[Brian Foy] We concluded that there was strong evidence of direct, person-to-person transmission of Zika virus. We also concluded that there is good, but circumstantial, evidence that it was transmitted through sexual activity. The tropical mosquitoes known to transmit this virus don’t live in dry and temperate northern Colorado, there was little local mosquito activity in early September when the nights are cool, and the virus wouldn't have had enough time to incubate in the local mosquitoes (assuming it could develop in them) to infect the scientist's wife so soon after he came home. Our circumstantial evidence of sexual transmission is based on the fact that the scientist reported a swollen prostate and blood in his semen as symptoms of his illness, and that he and his wife had intercourse soon after he returned home but before he got sick. Furthermore, the couple have four children, but none of them got sick after his return, suggesting that Zika virus is less likely to have been transmitted through saliva or other types of direct contact.
[Ted Pestorius] Although there are no other documented cases of sexually transmitted Zika virus, is it possible it's more common than is currently known?
[Brian Foy] That's the million-dollar question. Our study highlights this possibility, and suggests we need to research it further. On the other hand, we could have simply recorded a rare transmission event. Currently, I think that in most cases, mosquito-transmission is likely to be the norm, especially in endemic areas. However, in epidemics, where the virus explosively emerges in a previously-unexposed human population, sexual transmission may play a role.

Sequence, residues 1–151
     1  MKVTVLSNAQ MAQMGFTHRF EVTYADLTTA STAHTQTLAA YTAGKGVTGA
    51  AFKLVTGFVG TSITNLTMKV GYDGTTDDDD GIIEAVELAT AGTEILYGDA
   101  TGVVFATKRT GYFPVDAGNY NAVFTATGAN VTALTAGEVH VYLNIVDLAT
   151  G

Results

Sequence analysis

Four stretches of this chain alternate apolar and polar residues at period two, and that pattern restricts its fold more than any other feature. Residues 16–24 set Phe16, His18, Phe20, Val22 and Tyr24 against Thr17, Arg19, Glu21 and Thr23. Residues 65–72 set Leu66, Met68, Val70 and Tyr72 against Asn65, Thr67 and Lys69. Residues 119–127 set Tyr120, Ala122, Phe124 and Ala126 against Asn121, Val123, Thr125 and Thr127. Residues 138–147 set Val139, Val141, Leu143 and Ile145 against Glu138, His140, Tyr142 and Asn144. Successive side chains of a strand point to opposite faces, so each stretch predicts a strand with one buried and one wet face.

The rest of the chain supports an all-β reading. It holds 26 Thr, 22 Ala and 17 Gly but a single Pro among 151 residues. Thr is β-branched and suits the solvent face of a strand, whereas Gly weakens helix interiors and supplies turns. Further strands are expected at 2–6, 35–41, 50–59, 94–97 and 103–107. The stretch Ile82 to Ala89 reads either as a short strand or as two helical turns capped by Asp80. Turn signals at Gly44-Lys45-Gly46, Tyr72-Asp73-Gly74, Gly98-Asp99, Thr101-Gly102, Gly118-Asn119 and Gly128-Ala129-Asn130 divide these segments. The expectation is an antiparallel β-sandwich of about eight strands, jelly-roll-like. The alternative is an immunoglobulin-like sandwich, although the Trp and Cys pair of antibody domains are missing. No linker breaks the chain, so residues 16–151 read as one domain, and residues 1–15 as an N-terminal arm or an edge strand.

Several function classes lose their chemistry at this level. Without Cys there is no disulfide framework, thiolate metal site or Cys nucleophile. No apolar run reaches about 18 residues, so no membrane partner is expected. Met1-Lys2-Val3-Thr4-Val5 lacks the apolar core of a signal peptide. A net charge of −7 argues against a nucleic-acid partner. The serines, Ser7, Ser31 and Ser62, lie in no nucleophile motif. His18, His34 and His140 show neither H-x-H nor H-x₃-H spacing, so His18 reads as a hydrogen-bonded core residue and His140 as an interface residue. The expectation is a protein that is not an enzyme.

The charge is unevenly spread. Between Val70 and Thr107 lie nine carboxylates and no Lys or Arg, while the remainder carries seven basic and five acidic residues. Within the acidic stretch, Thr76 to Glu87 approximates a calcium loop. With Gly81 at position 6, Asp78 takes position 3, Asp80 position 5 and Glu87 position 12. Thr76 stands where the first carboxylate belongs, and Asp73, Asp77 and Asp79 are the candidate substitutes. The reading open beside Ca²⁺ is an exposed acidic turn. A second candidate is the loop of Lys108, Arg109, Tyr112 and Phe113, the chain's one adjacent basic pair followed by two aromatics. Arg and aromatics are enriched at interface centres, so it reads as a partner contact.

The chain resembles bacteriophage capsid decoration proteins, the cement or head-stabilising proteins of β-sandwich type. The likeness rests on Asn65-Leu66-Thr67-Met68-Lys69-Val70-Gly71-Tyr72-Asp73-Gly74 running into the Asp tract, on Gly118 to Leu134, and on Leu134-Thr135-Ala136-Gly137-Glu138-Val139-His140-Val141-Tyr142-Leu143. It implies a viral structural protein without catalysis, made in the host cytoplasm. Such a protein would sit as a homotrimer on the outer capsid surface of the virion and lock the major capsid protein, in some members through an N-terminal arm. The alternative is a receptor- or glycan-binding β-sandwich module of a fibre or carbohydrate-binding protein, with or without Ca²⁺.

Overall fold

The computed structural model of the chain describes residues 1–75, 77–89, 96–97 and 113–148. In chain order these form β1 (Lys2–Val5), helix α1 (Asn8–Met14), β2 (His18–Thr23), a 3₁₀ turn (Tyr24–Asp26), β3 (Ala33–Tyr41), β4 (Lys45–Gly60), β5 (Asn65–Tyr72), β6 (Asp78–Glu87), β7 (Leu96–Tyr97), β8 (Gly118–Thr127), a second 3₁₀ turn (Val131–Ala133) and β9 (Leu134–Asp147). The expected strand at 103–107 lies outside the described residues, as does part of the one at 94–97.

[Ted Pestorius] What are the next steps to investigate this form of transmission?
[Brian Foy] The first step is to explore Zika virus transmission in animal models in the laboratory. Very little work has been done on this in the last 30 years. We need to see if the virus 'hides out' in body fluids and tissues of animals it can infect, and if the virus can be passed between animals through copulation. If this work turns up something promising, we can try to perform epidemiologic studies of Zika virus transmission to humans living in endemic areas. If another outbreak of Zika virus occurs, such as the one on Yap Island, epidemiologists should try to gather clinical and sociological data that could determine if alternative routes of transmission are occurring, including sexual transmission.
[Ted Pestorius] Dr. Foy, what are the health implications if Zika can be spread through sexual intercourse?
[Brian Foy] They are currently unclear. As I speculated earlier, this may only matter in Zika virus epidemics, which seem to be very rare. Although it might be presumed from this study and other sexually transmitted viruses, the fact is we don't know whether females are more susceptible to such transmission, compared to males. We also don't know how Zika virus disease might present differently if transmission were through a mosquito bite versus through sexual intercourse. Many questions remain, which makes this an exciting new field of study.
[Ted Pestorius] Thanks Dr. Foy. I’ve been talking with Dr. Brian Foy about a study in the May 2011 issue of CDC's journal, Emerging Infectious Diseases. You can read the entire article online at www.cdc.gov/eid. If you’d like to comment on this podcast, send an email to firstname.lastname@example.org. That’s eideditor – one word - at c-d-c-dot-gov. I’m Ted Pestorius, for Emerging Infectious Diseases.